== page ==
Recent Examples on the Web Perhaps that’s because Payne’s activism is combined with a strong worth ethic, an optimistic outlook and a sense of humor. Mary Carole Mccauley, baltimoresun.com, "Howard County actor JC Payne works to diversify everything about live theater," 31 Aug. 2020 There wasn’t really a strong environmental ethic in San Diego. San Diego Union-Tribune, "Get to know Nicole Capretz, a pioneer in climate crisis policy in San Diego," 25 Aug. 2020 In contrast, the nation’s academic and medical organizations, in concert with patients and primary physicians, have quietly pursued lifesaving medicine—and developed a powerful new tool—through an ethic of cooperation and transparency. Michael S. Kinch, Scientific American, "How Politics Muddied the Waters on a Promising COVID-19 Treatment," 25 Aug. 2020 While Indian apps like Chingari and Mitron grapple with privacy policies—or lack thereof in the latter’s case—Triller has been stressing on its security ethic. Ananya Bhattacharya, Quartz India, "TikTok’s American rival Triller just stepped up its game in India," 25 Aug. 2020 Moxley, a graduate of Gonzaga University, brought a Jesuit ethic and a conscientious approach to Grixsen. oregonlive, "Grixsen Brewing of SE Portland announces closure, cites economic downturn," 17 Aug. 2020 That ethic would become central to the International Committee of the Red Cross, founded in Geneva in 1863. Tina Hillier, Smithsonian Magazine, "The Defiance of Florence Nightingale," 10 Mar. 2020 Such practices violate the modern ethic of patients’ rights — and human rights — yet pregnant women are routinely treated like another class of patient. Jennifer Block, Longreads, "The Criminalization of the American Midwife," 10 Mar. 2020 Bryant retired in 2016 as the third-leading scorer in NBA history, finishing two decades with the Lakers as a prolific scorer with a sublime all-around game and a relentless competitive ethic. Stefanie Dazio, The Denver Post, "Kobe Bryant and his 13-year-old daughter killed in California helicopter crash, 7 others dead," 26 Jan. 2020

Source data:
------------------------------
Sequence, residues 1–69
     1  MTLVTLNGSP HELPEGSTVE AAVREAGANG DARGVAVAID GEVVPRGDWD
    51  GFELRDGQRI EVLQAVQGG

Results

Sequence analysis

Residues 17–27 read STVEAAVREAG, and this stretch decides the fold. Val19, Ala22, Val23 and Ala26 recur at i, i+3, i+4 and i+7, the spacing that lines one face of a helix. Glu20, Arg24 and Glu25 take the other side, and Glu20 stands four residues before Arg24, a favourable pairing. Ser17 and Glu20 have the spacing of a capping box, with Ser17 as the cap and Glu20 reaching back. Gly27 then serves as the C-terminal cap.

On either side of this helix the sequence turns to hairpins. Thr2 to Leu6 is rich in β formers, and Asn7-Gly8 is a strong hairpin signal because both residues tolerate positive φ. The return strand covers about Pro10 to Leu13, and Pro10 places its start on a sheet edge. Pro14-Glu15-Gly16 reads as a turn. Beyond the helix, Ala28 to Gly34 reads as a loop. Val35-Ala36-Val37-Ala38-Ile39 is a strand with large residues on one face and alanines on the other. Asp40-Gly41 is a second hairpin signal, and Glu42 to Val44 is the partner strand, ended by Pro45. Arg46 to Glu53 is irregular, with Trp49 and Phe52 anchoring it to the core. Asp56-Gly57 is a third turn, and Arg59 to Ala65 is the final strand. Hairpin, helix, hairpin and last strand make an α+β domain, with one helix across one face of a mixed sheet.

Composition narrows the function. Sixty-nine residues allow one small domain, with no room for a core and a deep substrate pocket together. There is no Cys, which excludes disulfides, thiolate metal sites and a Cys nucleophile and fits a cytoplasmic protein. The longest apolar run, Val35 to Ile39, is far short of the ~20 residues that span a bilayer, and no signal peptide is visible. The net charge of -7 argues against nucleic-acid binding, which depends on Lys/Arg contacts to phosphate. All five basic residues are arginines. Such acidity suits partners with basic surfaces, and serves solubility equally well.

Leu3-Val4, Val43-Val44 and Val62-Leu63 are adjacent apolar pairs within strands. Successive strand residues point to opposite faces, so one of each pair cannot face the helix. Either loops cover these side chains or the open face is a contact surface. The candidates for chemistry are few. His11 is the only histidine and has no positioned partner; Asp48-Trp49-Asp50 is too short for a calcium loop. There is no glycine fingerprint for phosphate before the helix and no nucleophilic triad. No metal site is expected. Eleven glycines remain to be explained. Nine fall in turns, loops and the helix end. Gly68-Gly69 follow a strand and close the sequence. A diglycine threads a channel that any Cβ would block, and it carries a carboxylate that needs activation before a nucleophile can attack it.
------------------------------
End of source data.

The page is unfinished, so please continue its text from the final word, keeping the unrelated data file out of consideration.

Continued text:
These example sentences are selected automatically from various online news sources to reflect current usage of the word 'ethic.' Views expressed in the examples do not represent the opinion of Merriam-Webster or its editors. Send us feedback.

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First Known Use of ethic

14th century, in the meaning defined at sense 1

History and Etymology for ethic

Middle English ethik, from Middle French ethique, from Latin ethice, from Greek ēthikē, from ēthikos

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Time Traveler for ethic

Time Traveler

The first known use of ethic was in the 14th century

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Statistics for ethic

Last Updated

3 Sep 2020

Cite this Entry

“Ethic.” Merriam-Webster.com Dictionary, Merriam-Webster, https://www.merriam-webster.com/dictionary/ethic. Accessed 24 Sep. 2020.

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More Definitions for ethic

ethic

noun
How to pronounce ethic (audio)

English Language Learners Definition of ethic

: rules of behavior based on ideas about what is morally good and bad
: an area of study that deals with ideas about what is good and bad behavior : a branch of philosophy dealing with what is morally right or wrong
: a belief that something is very important